How to Get Your Car Ready for Hurricane Season

By Annie Mueller on 16 July 2018 0 comments

When you're prepping for hurricane season, it's easy to get caught up in protecting your house and making sure you're stocked with basic supplies. You may totally forget about your car. This is a mistake — in a natural disaster, your car might be your saving grace.

If you get caught in extreme weather, having a stocked, maintained, and ready-to-go vehicle can make all the difference in getting you to safety. Here's how you can prepare your car for hurricane season. (See also: What Hurricane Maria Taught My Family About Life, Money, and Community)

1. Keep it maintained

Before hurricane season starts, do a basic maintenance check. Get the oil changed, top off the wiper fluid, check the tire pressure, and clean the battery terminals. If you're mechanically inclined and have the tools, you can do these tasks yourself; while you do, check some other basics. Otherwise, take it to your mechanic to get an oil change and an inspection.

Consider also checking:

  • Age and alignment of tires

  • Windshield wipers

  • The spare tire

  • Age of battery

  • Fluids: wiper fluid, coolant, oil

  • Condition of hoses and belts

  • The air conditioning/heating system

If you've been putting off a car repair due to time or budget constraints, it's time to dig in and make it happen. You need reliable transportation. Schedule a time to take your car in as soon as you can. (See also: Bookmark This: Easy to Follow Car Maintenance Checklist)

2. Keep it fueled

Think about how much fuel you can safely store. In inclement conditions, gas becomes a high-demand item quickly. Keep your car's tank above the halfway mark until hurricane season is over. Buy a gas can or two and keep them filled, and follow these basic safety rules:

  • Only use approved containers, and store them outside or in your garage or shed.

  • Keep them away from children, and don't store them near pilot lights or ignition sources.

  • Don't store gas indefinitely; it goes bad.

  • Periodically use what's in the cans to fill your car, and then refill the cans.

3. Keep it insured

Make sure your auto insurance is up to date. Print out a copy of your policy information and keep it tucked in the glove box of your car. It might not be easy to access your personal files if you have to evacuate. With your insurance information on hand, even if your car is damaged, you can start the coverage process immediately.

4. Keep it stocked

The next move in prepping your car for hurricane season is to consider what you might need if you have to quickly evacuate, or if you're not able to reach your house for some time.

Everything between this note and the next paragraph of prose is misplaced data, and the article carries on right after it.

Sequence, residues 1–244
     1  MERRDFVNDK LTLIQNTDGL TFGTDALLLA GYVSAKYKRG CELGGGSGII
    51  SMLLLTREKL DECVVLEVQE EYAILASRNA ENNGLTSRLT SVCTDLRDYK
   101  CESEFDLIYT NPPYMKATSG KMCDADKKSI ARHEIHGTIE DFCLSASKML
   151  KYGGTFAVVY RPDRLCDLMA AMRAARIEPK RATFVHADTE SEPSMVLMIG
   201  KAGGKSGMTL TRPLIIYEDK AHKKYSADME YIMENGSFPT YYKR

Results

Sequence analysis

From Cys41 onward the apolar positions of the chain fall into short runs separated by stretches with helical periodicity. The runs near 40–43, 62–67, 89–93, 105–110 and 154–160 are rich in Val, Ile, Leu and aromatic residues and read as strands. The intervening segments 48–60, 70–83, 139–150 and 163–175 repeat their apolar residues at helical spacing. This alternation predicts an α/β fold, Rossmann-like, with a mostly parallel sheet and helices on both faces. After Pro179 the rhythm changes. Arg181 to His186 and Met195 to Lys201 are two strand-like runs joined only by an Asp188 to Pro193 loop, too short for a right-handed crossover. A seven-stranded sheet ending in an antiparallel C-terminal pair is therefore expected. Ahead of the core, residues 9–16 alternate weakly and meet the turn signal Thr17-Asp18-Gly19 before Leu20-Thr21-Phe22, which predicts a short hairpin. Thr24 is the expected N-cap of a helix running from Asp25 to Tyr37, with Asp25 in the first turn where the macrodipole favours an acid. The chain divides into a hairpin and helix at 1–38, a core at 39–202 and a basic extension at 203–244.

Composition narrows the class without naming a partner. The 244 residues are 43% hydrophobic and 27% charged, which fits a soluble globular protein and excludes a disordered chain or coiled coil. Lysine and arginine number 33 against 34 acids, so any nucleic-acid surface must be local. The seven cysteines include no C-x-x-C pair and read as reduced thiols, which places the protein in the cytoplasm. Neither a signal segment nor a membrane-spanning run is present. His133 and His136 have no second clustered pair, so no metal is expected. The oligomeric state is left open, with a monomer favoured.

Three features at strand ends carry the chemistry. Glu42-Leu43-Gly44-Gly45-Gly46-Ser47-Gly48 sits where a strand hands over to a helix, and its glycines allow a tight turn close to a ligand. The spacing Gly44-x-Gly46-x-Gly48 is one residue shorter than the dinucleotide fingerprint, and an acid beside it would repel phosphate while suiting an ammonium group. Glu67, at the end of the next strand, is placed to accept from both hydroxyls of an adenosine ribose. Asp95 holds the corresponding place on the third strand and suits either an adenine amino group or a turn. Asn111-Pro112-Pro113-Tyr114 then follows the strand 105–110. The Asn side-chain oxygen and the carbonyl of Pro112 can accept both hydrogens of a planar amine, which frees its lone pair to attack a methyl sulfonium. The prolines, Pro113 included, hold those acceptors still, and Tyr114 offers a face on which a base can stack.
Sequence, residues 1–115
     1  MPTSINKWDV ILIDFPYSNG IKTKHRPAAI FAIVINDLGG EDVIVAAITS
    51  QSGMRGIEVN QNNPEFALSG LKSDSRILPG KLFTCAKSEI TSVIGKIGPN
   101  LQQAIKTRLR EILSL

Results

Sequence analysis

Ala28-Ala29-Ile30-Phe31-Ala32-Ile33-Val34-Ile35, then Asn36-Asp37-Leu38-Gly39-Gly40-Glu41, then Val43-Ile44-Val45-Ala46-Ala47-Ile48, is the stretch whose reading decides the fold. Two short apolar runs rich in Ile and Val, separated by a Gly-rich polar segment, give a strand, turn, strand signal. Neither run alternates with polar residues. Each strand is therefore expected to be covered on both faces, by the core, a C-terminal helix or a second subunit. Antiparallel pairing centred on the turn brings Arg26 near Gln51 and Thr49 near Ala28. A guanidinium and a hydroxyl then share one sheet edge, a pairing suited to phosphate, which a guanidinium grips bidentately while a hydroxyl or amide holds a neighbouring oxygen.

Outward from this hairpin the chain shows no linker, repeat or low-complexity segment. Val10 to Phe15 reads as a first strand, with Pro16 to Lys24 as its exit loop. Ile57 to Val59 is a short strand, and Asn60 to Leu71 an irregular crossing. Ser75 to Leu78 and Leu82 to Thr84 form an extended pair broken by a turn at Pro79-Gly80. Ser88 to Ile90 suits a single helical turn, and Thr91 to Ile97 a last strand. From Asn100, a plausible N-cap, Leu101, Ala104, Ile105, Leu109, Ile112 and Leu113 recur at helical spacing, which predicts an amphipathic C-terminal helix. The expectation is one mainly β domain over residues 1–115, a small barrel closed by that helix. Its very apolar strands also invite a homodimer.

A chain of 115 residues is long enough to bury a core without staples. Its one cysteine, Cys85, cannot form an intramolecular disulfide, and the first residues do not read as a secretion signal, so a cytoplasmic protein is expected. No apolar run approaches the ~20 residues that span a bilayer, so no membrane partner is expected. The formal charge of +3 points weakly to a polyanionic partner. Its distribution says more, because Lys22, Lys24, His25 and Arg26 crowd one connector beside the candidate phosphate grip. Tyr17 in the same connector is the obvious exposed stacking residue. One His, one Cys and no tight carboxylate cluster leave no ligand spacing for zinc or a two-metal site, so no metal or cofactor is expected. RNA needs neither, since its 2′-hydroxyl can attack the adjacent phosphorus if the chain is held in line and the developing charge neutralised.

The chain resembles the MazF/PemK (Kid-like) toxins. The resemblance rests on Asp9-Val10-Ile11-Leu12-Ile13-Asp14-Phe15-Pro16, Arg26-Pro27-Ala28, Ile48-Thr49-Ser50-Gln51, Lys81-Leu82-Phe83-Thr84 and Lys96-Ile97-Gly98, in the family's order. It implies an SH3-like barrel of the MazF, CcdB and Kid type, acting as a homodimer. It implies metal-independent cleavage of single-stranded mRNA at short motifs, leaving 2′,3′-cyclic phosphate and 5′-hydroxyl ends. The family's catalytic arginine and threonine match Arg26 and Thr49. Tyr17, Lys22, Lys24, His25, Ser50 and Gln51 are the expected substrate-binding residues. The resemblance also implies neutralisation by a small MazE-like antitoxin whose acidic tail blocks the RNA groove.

You can purchase a pre-packed emergency kit, or make your own emergency kit. Stock your kit with first-aid and any medication that your family members might need.

Here are some other smart items to include:

  • Solar-powered lights

  • Portable water filter or water purification tablets

  • Strong flashlight with extra batteries

  • Power inverter

  • Battery-powered fan

  • Blankets

  • Battery packs for your mobile devices

  • Ponchos for every member of the family

  • Small toys and games for children

It's also a good idea to have a couple of quarts of oil on hand, so you can top off your oil, if needed. Check that you have everything for changing a tire, too: a tire iron, a jack, and (of course) a spare tire. A good set of jumper cables is also a must. If you don't need them, chances are someone else will. Weathering a storm is all about helping one another.

5. Prep for meals and clothes

Keep some food basics in your car, as well. Start with bottled water, then add some nonperishable items that won't be damaged by heat. Dried fruit, nuts, beef jerky, and crackers work well. Protein gels can be helpful, too. The goal is maximum nutrition for minimal space.

You might have already packed a go-bag for each person in your family, kept in your home. Consider packing a family version as well to keep in the car: one duffel bag that can stay in the trunk. For every member of the family, include two (or more) sets of clothes, a pair of sturdy shoes, extra socks, basic hygiene supplies, and a copy of identification. Finally, include a prepaid mobile phone, a short list of important phone numbers, and a paper map with evacuation routes for your area highlighted. (See also: 13 Essentials Every Emergency Bag Should Have)

6. Stash some cash

Don't forget about money. Hurricanes and tropical storms can damage telecommunication lines and towers; if that happens, you might not be able to get cash from an ATM or even from your bank until repairs are completed. Keep a stash of cash hidden safely in your car. Consider at least $200 per person, if possible.

7. Look for shelter

The incredibly strong winds that come with a hurricane can cause all sorts of things to fly through the air. If you're going to wait out the weather, park your car in a sheltered area. A covered garage is best.

If that's not available, secure a tarp over your car to protect the paint. Parking it close to a building can provide some shelter from wind, but beware of balconies or signage that might fall off and damage your car.

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